Darn impressive even if not always doubling speed. I wouldn't expect to get 400 megabits at Broadway and 42nd Street at 6 p.m. Some people, in just the right spot, will see speeds close to that. Speeds of 50-150 megabits will be common many places, although those at the edge of cell or through a thick wall the speeds will go down to under 10 megabits.
CTO Neville Ray has done an extraordinary job keeping up with the technology despite a capital budget of under $5B, not much for a U.S. sized network. He's also extended coverage to 311M pops, about 98%, almost matching Verizon. (Independent testing of coverage is often lower than the telco claims, but I have no reason to believe T-Mobile lies more than Verizon or AT&T.)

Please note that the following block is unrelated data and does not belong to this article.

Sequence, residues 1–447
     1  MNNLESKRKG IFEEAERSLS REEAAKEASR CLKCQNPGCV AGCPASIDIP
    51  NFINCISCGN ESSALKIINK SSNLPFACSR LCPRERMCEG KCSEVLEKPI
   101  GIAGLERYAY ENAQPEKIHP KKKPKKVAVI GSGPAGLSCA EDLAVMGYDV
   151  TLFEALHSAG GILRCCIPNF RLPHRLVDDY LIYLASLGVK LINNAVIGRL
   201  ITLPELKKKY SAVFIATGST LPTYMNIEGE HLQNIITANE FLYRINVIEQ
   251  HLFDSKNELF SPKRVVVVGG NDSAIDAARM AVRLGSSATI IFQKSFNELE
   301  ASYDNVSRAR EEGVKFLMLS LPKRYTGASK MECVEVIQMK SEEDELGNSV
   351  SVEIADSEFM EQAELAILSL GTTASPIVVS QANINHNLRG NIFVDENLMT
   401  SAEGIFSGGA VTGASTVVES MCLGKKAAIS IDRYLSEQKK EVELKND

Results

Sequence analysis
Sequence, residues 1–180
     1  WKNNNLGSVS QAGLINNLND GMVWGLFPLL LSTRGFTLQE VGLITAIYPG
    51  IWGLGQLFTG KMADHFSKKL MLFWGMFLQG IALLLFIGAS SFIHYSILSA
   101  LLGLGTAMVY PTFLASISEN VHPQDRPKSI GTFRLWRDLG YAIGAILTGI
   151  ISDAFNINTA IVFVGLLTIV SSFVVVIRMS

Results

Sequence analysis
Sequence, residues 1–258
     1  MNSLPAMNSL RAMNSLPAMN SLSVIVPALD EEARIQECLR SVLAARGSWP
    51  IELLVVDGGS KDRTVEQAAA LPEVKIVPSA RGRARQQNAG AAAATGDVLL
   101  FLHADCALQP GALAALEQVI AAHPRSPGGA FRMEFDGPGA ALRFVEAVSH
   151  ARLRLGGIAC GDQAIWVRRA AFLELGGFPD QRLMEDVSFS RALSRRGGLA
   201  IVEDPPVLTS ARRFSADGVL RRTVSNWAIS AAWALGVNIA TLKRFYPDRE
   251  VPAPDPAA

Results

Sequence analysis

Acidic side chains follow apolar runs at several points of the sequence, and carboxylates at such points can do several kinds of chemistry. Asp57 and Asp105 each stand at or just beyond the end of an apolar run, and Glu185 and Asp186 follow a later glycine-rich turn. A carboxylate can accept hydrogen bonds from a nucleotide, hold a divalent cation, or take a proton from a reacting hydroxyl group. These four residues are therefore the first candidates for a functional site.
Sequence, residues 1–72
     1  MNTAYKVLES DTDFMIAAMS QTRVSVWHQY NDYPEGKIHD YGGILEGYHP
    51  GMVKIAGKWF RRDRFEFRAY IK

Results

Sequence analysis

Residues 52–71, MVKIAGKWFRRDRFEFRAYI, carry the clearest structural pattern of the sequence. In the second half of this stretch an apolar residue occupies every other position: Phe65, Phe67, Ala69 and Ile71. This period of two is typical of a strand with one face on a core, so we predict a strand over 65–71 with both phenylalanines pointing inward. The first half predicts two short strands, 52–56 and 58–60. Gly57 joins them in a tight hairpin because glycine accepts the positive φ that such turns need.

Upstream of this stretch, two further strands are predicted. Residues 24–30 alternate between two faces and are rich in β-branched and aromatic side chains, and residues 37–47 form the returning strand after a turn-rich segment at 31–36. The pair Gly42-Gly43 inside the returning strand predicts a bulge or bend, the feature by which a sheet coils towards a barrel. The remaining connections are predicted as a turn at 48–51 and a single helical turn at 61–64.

The moves to 256 QAM (downstream) and 64 QAM (upstream) won't affect many people because so few phones support them. QAM measures how many bits you send per hertz. Higher QAM encode more data. The analog components and digital signal processing in new phones are improved, allowing more signal to get through. 256 QAM will be common in new phones in a few years.
Ray should not have signed his name to the claim, "delivers a massive 2x speed boost to customers."